The same principles apply for preventive injunctions. Claimants must normally demonstrate an imminent impairment of their legally protected rights (Sec. 1004 GCC), and it is not sufficient for there to be only a potential or theoretical risk. In many cases, one key question, therefore, consists of whether there is an increasing health risk for individuals if we do not succeed in keeping the rise in mean global temperature to well below 2 °C or 1.5 °C. Moreover, it is a typical feature of global warming that the planet reacts with delay to an increase of climate-damaging emissions. If the persons affected were to wait until the earth has warmed up and impairments are imminent, it would be too late: If Earth is to be prevented from warming to above a certain level in the future, action must be taken now, so the threshold to demonstrate imminent impairments must not be too high. This is exactly what the German Constitutional Court held in its landmark decision of May 2021. Decisions made today on the amount of emissions can have an ‘intervention-like preliminary effect’ for the future on the claimants’ fundamental rights. Consequently, it is easier for claimants in Germany to convince civil courts that a future impairment of their legally protected rights is likely.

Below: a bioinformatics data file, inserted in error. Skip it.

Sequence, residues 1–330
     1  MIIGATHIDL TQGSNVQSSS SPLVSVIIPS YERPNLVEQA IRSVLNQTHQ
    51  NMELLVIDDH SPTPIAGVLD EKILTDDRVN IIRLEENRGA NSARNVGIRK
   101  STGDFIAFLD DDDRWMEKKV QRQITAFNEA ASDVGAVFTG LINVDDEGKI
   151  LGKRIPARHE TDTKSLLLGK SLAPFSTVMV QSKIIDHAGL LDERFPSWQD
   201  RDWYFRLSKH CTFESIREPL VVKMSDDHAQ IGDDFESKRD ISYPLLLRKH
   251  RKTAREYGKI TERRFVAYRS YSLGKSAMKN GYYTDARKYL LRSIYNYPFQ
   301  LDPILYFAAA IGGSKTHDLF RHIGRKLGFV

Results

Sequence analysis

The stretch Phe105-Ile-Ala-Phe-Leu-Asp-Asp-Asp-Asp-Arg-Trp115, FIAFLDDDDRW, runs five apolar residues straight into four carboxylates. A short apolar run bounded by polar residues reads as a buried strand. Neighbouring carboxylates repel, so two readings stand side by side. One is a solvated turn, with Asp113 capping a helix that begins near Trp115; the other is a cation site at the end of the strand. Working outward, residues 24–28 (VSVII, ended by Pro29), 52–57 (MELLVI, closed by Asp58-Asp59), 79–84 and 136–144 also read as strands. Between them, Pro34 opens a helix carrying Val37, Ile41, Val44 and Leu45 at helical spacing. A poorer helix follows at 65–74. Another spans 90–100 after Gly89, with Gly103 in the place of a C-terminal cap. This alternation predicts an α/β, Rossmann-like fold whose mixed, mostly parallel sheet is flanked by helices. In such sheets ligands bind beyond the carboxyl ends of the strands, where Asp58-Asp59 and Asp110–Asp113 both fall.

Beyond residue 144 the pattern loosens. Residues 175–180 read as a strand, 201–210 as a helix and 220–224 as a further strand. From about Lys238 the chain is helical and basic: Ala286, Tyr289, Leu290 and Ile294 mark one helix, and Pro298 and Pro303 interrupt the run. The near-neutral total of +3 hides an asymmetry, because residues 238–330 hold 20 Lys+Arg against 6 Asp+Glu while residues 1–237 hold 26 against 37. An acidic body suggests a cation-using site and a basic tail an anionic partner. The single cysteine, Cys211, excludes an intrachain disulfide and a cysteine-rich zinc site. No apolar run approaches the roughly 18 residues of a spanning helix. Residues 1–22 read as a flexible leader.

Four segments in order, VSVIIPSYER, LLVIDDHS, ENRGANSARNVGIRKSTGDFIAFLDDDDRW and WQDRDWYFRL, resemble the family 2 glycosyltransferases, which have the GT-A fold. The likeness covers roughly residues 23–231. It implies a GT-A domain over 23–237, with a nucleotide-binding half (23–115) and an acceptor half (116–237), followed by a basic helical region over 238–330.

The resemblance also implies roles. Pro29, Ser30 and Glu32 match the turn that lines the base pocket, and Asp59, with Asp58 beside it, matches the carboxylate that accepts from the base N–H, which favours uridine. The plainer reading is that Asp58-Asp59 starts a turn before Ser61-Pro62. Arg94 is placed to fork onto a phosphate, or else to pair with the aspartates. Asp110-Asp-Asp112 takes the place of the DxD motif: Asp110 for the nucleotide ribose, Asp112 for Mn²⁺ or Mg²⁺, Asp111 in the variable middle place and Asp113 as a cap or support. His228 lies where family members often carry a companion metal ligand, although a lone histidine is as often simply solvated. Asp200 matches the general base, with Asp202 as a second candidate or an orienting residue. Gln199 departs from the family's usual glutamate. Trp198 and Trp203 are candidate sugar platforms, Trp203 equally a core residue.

The most complex issue in climate‑change litigation is, of course, causality. *36 If we take, for example, the actions brought against German car manufacturers, the key question is the following: Is there a sufficient causal link between the production of combustion-powered vehicles and the future health problems of the claimants? The Peruvian farmer must demonstrate a scientific causal connection between the defendant’s behaviour in Europe and the damage occurring in Peru.